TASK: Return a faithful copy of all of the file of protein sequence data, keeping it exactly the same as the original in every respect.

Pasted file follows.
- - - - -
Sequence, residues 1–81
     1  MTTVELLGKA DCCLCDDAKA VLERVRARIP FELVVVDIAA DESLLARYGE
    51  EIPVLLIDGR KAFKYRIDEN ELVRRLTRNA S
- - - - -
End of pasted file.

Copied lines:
Sequence, residues 1–81
     1  MTTVELLGKA DCCLCDDAKA VLERVRARIP FELVVVDIAA DESLLARYGE
    51  EIPVLLIDGR KAFKYRIDEN ELVRRLTRNA S